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“So, I’d been scouting for a while at some of the settlement locations, looking for a nice low spot I could fill in with my fake terrain and maybe add a vault door. Just because you think about your quintessential Fallout moment, [and it] is always the vault door opening, and I thought, ‘What if I do the reverse of that?’, where I create a Vault door that you discover and you go into instead.”
PLEASURE ISLAND AT SPECTACLE ISLAND
EvilViking13’s builds aren’t always Minutemen focused, however. His Pleasure Island settlement, for example, explores what an adult theme park might look like at Spectacle Island.
“That one was just an absolute blast to work on,” he says. “I actually kept that build completely secret from my YouTube audience. It came from a challenge during one of the Minutemen build tours. [My friend] Joel was like, ‘I want to see what you can do with something that’s just very opposite of your Minutemen character’.
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“And so I decided to involve his in-game character into the build and tried to figure out what this crazy post-apocalyptic adult theme park look like, where everything is a money pit and a tourist trap. Where you get stuck on this island of horrors, almost Pinocchio style, but you’re paying caps for the privilege of being there.”
Some of my favourite touches are the Pleasure Palace hotel rooms, the arcade area, and the custom posters and propaganda littered throughout. There are also neat, little jokes around the place, such as the fact the bathrooms cost a lot more than food and drink – a tactic even avid players of Bullfrog’s Theme Park might baulk at.
UNDERGROUND BROTHERHOOD CITY AT VAULT 88
The final build we are going to look at is EvilViking13’s Underground Brotherhood City, which he built at Vault 88. It’s a unique take on the location, which gives his interpretation of what happened to the Brotherhood after the destruction of the Prydwen in the Minutemen and Railroad questline.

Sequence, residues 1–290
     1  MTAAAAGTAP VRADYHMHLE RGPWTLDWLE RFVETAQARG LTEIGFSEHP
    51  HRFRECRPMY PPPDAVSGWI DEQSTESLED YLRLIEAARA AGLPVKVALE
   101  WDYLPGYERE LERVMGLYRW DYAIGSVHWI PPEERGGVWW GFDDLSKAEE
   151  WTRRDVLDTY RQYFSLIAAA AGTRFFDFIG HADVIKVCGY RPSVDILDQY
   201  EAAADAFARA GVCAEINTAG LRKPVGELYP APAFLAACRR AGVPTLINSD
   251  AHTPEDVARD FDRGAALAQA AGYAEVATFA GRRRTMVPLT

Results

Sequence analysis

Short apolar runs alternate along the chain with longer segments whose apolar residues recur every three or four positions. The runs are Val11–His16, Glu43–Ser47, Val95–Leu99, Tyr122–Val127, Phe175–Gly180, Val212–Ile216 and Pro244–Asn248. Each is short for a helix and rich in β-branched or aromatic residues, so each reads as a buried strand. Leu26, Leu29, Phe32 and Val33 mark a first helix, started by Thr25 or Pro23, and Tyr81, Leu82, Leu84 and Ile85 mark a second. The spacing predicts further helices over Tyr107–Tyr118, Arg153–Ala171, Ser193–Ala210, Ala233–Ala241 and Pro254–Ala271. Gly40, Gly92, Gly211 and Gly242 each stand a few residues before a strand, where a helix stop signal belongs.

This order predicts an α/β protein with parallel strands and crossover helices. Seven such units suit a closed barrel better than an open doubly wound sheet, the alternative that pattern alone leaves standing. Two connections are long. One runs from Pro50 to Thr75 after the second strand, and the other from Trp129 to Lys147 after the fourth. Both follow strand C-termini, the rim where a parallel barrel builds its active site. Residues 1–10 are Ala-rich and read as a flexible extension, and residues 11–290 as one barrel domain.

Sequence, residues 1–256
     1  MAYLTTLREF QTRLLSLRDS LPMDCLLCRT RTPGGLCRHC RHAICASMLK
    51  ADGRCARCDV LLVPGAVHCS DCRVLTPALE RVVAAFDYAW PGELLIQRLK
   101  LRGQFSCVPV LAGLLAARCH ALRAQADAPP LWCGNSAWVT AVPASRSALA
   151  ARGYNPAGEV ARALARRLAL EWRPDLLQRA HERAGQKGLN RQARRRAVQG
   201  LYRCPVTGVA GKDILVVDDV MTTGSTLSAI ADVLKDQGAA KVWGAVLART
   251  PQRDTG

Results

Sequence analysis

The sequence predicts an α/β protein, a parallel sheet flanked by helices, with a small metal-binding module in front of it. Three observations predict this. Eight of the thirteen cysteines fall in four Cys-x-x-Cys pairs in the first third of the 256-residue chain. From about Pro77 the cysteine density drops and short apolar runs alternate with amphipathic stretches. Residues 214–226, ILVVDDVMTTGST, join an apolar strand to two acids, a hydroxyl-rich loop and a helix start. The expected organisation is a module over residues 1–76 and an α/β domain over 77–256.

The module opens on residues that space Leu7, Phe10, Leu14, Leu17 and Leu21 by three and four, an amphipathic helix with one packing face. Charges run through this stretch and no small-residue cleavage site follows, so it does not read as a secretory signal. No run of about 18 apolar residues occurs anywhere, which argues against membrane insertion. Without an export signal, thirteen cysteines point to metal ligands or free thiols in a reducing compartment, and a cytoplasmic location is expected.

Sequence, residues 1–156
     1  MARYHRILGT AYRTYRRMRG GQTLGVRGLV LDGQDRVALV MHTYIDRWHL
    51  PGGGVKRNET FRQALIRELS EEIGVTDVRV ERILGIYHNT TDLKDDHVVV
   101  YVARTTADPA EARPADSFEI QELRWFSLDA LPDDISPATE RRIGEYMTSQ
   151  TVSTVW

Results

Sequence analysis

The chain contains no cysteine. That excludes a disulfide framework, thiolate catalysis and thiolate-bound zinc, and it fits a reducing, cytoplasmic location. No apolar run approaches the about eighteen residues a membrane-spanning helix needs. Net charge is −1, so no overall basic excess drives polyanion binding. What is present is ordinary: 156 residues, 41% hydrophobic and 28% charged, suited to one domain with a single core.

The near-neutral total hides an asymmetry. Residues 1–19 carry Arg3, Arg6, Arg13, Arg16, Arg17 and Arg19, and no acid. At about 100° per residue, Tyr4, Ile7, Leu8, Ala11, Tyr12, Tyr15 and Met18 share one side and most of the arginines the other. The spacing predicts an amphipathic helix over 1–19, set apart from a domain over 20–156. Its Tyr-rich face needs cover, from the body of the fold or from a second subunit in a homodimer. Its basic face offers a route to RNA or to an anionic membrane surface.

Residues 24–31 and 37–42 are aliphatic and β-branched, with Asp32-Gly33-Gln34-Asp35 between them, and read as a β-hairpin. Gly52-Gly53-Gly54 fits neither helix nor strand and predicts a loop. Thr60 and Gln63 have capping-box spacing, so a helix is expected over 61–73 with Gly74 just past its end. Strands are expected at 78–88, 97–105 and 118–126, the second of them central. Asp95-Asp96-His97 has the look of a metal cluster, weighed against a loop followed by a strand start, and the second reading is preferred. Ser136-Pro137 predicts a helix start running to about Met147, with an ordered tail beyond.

“I’d been sitting on Vault 88 for eight or so months before I started working on it. And I’d seen some really fantastic Vault builds,” he recalls. “But there’s some problems with the in-game lighting and the Vault pieces that came with the Workshop DLC, where the lights are super dim. So, basically, you have to over-light some things, and it never really looks like Bethesda’s Vaults. I decided that, as cool as the location of Vault 88 was, I didn’t want to build an actual Vault there.
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“So I was instead like, ‘How crazy would it be if this super high-tech faction that’s been basically crippled by The Minutemen and The Railroad here in the Commonwealth… were reduced to hiding underground?’. Like you’ve fallen that far.”
The best parts of the build, for me, are the bar and dining area, which is highly detailed and features tons of individually placed bottles and food props, and the rundown scrapyard where the poorer occupants can trade junk for caps. The build is a fantastic mixture of some of the more pristine vault tech buildings that were left behind and the messier housing constructed from whatever the Brotherhood could find.